Take part in the next round of the EYP mentorship programme!

The EYP Mentorship programme is designed to bring together young EYPers who are beginning their professional careers (and are, for example, finishing their studies and seeking their first jobs) or are in the transitional phase between the jobs and searching for input from EYP alumni who have a more extensive professional experience and can share their advice with the next generation. The 3rd round of the mentorship programme is about to kick-off and we look forward to your application!

If you’re interested in taking part in the programme, you can now apply by the 15th of January through this form. Please check out more details on the programme here.

We got in touch with Lars Kieni from Switzerland and his mentor Irem Tumer from Turkey, who participated in the 2nd round of the EYP mentorship programme to find out their main take-aways from it:

How would you describe yourself in one sentence?

Irem: Professionally, I am the Focal Point for Youth Leadership and Participation at UNFPA HQ, a job that allows me to reach young leaders and youth-led organizations through leadership and participation programs of UNFPA. I am from Turkey and my background is in human rights law. Outside of more serious interests, I like travelling, reading and taking photos.

Lars: If I had to describe myself in one sentence, I’d say that I’m a young man who is ambitious and wants to take on the world, but didn’t yet exactly know how and was rather overwhelmed and held back by this uncertainly until a few months ago.

Why did you decide to partake in the EYP mentorship programme?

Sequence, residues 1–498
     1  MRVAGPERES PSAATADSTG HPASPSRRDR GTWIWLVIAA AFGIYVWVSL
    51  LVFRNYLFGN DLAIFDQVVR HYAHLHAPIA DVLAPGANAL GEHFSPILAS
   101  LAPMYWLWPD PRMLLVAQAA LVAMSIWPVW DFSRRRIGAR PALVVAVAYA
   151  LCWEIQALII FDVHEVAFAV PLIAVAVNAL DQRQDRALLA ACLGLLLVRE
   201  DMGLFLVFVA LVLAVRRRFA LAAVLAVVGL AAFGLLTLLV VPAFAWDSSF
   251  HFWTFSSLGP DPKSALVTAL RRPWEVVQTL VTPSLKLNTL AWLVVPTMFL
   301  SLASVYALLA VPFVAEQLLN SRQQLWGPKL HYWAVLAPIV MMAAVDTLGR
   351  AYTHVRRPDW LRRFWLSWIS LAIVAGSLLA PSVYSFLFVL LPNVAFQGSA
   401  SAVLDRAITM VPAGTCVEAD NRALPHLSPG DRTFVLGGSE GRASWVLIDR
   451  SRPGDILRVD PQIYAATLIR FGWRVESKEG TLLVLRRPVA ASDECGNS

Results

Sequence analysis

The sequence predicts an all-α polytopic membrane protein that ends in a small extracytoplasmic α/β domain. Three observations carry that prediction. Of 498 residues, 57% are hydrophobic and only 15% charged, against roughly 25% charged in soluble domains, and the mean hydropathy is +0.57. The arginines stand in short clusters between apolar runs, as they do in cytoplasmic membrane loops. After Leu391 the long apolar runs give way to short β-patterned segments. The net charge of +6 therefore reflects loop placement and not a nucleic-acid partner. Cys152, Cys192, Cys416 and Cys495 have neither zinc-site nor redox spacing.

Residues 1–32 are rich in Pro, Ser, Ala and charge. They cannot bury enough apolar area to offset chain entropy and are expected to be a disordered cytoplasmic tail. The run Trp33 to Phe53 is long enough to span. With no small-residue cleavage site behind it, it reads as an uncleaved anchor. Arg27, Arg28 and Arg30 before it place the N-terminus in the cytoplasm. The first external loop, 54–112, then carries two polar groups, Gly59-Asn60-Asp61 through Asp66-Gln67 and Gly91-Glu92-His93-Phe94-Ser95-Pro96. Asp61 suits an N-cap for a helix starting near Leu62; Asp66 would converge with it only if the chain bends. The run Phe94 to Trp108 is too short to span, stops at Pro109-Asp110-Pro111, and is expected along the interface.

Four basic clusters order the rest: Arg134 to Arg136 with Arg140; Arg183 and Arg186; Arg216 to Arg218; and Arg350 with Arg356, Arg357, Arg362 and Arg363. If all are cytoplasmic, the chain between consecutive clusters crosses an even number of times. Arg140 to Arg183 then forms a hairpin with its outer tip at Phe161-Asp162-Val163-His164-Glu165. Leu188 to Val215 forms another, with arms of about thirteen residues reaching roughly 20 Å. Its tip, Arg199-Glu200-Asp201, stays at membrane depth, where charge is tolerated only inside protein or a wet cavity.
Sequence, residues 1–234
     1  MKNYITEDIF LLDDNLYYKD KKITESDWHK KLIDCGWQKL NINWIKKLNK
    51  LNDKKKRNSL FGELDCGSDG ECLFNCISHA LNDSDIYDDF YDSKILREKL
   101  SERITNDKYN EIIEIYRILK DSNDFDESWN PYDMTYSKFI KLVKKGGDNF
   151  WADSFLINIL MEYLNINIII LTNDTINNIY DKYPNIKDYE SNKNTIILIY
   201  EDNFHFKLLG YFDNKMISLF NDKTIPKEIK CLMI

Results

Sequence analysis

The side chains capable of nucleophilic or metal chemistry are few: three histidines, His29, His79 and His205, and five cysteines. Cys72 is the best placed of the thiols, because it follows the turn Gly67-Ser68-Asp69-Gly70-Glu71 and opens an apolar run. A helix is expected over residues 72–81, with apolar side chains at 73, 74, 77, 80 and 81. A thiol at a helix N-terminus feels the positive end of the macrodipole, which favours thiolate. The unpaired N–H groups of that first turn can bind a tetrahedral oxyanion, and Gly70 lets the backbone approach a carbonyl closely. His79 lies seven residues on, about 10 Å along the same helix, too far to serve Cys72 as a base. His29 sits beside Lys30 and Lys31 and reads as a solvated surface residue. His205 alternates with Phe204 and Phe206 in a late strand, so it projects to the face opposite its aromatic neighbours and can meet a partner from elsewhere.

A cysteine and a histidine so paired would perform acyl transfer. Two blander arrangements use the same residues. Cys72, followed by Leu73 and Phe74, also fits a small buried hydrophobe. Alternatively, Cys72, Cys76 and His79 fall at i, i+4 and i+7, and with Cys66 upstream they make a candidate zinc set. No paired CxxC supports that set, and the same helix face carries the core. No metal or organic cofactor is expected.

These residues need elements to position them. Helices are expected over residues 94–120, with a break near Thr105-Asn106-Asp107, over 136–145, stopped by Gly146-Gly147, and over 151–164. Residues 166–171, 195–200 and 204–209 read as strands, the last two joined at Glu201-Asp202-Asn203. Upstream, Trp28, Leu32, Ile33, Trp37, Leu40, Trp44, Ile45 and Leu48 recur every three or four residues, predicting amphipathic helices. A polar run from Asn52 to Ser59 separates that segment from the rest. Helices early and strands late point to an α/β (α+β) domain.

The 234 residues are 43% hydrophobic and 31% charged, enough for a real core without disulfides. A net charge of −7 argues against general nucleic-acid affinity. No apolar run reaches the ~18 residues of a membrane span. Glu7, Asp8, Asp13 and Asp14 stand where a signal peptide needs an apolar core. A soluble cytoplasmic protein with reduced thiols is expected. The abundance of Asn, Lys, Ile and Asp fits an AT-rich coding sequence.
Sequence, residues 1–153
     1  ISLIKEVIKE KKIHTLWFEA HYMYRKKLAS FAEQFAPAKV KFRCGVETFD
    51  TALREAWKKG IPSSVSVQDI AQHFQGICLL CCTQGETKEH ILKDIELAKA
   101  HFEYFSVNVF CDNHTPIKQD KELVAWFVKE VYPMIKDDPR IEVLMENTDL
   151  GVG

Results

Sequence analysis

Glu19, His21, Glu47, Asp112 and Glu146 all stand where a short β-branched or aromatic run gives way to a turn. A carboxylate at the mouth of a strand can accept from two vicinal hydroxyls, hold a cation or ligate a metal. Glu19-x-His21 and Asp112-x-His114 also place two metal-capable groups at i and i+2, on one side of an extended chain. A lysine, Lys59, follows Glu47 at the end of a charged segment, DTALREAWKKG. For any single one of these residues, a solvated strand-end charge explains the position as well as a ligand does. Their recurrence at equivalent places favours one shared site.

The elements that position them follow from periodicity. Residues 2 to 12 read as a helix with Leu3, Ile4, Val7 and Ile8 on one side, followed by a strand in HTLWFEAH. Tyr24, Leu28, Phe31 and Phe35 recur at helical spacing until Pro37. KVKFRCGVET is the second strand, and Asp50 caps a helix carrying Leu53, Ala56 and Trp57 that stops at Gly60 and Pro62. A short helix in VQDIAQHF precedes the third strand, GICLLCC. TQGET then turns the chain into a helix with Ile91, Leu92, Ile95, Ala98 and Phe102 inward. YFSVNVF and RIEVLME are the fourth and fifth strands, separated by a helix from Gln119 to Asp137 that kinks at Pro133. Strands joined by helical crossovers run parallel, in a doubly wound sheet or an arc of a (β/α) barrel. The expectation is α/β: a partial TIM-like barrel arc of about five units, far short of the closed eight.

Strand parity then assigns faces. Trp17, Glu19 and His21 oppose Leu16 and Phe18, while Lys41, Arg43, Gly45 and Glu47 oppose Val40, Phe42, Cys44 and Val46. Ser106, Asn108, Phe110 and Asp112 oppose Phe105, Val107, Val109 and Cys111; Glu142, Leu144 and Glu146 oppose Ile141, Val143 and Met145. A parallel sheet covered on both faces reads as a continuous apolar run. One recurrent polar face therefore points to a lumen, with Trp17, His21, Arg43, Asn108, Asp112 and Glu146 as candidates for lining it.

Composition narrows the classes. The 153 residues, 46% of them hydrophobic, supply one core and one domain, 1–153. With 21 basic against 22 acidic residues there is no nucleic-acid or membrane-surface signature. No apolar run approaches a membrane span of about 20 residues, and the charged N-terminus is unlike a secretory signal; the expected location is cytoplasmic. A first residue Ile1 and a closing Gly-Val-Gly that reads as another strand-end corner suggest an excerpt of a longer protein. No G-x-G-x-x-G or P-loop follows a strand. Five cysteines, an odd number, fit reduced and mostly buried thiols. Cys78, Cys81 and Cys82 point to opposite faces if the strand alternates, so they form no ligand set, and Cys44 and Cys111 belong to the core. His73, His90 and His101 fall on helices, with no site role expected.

Irem: I decided to become a mentor in the EYP mentorship programme for two main reasons. Firstly, I felt that my professional background and personal interest in leadership development and my experience as a young professional in the UN system could be helpful to some younger EYPers who are interested to pursue a similar path. Secondly, EYP has been a very important source of personal growth during my formative years and I thought the mentorship programme would be a way to give back to the EYP community. 

Lars: I was approaching the end of my university career and knew that I wanted and needed a change. I was looking forward to starting my professional life and I knew that I want to get involved in diplomacy – a field that I had only become aware of thanks to EYP – but I didn’t know what the first and second step on the way toward this goal would be. I was looking for a mentor with similar interests, who was already a few years ahead of me in their lives; somebody who had already been in this position and was working in the field I am aiming for. Even better was the offer that this person would also be an experienced EYPer, as this person would then better understand where I was coming from, and what this organisation is that I am so passionate about.

What are some challenges that you are facing in this programme?

Irem: Overall, we had a rather smooth and enjoyable experience with my mentee. I think the main challenge is finding the time in mutually busy schedules and making sure that every meeting counts, and I tried to make sure this was the case by detailed planning, communicating about our expectations at every moment and making feedback a regular part of our conversations.

Lars: During the mentorship programme, we had regular skype sessions every couple of weeks. At first, I was just grateful to listen to my mentor’s experience, her path in life so far, and draw lessons from that; but as time went on, I also started questioning myself and my personality.

How do you want to use this mentorship experience?

Irem: I would like to use this mentorship experience as a learning for future mentorship relationships. I also plan to keep in touch with my mentee for the foreseeable future, can’t wait to see how some of the themes we discussed will be reflected in his life in the years to come!

Lars: From this experience, I not only drew inspiration for the next step in my professional life; I learned to look at this shift from university to professional life as a challenge I want to face, as an opportunity to give my life a new spin that I want to seize, rather than being paralysed about the sheer amount of options. I became more confident and ambitious about taking on this challenge, and most importantly: I also learned something about myself.